I recently took possession of one of the most beautiful art objects I own. It’s a book — an absolutely stunning one — and it’s just been published by Yale University Press. It’s the New Complete Edition of Interaction of Color, the legendary book by Bauhaus master Josef Albers. And if you know anybody who loves color, or art, or ever took a color class at art school, or just has bibliophilic tendencies, they will remember you fondly forever if you give it to them.
What’s the correlation between wealth and risk appetite? I suspect that it’s somewhat bell-shaped: when you’re very poor you can’t afford to take any risks, while if you’re entering the middle classes you often feel that you have to take risks, especially with your retirement assets, if you’re going to have a chance of maintaining your standard of living once you stop working. If you already have more money than you’ll ever spend, however, then you don’t need to take those kind of risks any more, and you start becoming much more conservative again — see for instance the way in which Suze Orman is invested only in wrapped munis.
Call it the final death knell for arguably the frothiest deal that the US residential real-estate market has ever seen — the sale of Stuyvesant Town and Peter Cooper village in Manhattan for $5.4 billion in 2006. The driving force behind the deal was the expectation that the new owners could and would be much more aggressive than the old owners (Met Life) in converting rent-stabilized apartments to market rate. Now, however, all the apartments they did manage to convert to market rate are being converted back:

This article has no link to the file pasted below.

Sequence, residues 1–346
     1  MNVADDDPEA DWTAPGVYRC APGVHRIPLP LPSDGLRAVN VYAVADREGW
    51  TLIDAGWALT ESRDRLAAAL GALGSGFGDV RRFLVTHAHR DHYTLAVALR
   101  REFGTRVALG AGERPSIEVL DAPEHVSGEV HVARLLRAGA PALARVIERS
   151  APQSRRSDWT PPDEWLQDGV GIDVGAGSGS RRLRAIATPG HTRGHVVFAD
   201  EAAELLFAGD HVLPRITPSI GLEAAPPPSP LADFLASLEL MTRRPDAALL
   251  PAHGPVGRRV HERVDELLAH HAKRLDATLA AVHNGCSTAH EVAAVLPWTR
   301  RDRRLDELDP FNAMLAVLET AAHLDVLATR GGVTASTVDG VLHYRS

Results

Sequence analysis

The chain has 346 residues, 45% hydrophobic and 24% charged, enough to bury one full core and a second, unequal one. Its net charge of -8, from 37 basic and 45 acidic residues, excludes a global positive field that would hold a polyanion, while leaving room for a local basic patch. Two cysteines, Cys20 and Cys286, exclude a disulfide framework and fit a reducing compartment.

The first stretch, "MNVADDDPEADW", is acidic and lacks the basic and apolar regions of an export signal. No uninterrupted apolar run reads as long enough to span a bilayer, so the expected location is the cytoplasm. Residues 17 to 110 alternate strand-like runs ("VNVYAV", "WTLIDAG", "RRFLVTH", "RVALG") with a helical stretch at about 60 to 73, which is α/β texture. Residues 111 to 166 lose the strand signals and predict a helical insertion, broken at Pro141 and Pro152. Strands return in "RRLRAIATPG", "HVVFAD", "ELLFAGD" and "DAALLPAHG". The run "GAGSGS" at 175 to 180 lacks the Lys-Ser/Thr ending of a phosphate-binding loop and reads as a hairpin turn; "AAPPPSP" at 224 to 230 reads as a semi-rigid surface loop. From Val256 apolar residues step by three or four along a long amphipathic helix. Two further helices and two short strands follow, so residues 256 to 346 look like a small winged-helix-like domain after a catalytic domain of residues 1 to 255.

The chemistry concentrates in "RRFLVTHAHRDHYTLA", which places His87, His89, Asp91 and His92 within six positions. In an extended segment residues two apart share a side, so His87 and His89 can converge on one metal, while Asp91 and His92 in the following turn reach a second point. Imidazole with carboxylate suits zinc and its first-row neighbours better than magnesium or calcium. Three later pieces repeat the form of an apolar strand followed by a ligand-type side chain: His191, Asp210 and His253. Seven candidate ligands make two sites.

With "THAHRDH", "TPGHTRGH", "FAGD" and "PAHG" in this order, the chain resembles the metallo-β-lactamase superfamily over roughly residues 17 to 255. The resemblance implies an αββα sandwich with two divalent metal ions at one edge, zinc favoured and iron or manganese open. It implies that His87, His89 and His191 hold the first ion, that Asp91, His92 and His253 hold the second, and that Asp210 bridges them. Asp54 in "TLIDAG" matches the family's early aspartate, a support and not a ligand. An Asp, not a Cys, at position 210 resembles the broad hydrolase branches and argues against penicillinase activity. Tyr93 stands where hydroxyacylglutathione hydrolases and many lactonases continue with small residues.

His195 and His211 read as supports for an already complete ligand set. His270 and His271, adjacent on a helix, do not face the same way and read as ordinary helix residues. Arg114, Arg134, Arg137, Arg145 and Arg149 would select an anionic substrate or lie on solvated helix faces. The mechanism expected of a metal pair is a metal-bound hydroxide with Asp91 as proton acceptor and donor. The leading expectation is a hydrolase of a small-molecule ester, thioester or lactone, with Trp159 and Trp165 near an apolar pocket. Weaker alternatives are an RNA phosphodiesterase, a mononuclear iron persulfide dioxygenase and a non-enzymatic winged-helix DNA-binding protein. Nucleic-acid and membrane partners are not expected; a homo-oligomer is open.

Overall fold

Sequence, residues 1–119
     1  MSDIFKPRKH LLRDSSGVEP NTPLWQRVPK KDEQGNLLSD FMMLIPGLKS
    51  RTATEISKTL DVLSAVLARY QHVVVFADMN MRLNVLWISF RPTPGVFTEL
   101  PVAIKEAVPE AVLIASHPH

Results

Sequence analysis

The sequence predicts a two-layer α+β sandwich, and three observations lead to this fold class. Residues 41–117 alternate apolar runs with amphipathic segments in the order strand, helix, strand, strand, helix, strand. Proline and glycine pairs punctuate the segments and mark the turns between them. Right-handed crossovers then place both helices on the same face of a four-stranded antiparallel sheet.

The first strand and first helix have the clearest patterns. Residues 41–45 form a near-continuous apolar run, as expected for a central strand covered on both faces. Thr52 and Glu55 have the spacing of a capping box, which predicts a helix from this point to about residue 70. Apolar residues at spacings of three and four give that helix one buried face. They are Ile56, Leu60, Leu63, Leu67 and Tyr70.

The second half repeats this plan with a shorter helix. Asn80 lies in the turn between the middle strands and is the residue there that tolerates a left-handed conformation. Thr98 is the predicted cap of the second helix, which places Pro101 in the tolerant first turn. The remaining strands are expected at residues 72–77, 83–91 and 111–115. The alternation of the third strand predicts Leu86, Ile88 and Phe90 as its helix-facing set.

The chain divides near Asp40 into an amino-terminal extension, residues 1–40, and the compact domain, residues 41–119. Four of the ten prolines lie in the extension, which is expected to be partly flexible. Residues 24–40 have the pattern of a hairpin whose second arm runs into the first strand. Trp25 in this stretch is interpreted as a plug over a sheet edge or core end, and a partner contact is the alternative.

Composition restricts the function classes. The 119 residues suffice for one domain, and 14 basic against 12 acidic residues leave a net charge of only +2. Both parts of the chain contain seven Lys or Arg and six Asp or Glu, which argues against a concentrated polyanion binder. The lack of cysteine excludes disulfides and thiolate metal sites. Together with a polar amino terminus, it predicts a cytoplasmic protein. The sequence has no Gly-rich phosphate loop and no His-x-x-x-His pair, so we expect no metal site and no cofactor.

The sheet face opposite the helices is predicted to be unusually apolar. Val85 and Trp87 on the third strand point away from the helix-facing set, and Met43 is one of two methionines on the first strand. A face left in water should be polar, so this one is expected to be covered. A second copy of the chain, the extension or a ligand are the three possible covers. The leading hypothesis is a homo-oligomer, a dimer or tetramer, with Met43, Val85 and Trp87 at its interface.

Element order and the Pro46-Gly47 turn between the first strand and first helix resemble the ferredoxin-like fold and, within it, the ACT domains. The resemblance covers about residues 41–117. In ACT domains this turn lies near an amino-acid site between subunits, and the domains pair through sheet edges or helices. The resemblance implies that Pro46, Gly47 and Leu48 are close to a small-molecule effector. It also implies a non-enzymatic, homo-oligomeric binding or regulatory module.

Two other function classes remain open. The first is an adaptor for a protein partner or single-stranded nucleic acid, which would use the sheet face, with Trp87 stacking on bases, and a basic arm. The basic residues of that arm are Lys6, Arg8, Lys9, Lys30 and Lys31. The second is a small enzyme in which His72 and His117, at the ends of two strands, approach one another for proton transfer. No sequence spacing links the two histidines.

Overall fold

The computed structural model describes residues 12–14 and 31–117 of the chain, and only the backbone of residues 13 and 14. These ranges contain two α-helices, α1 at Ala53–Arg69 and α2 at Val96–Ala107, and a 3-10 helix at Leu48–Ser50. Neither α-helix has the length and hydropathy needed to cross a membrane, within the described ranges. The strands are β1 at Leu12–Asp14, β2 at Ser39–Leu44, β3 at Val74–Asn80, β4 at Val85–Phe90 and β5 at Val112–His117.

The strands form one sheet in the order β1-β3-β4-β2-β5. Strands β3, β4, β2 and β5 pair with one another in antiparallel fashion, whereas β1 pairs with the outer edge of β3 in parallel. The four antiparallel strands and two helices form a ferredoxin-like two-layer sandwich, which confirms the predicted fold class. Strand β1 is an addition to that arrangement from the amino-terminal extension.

How incompetent is Citigroup? Incompetent enough that even today, when the bank is announcing a major agreement with the government to pay back its TARP money, neither its chairman nor its CEO was able to turn up to a meeting with the president of the United States of America.
Eric Lipton has an excellent summary of a scathing government audit of a scheme to improve the quality of the information that states and cities have about traffic congestion. (The report isn’t meant to be online until later this afternoon, but I downloaded it from the inspector general’s website with no problem, and have put it here.)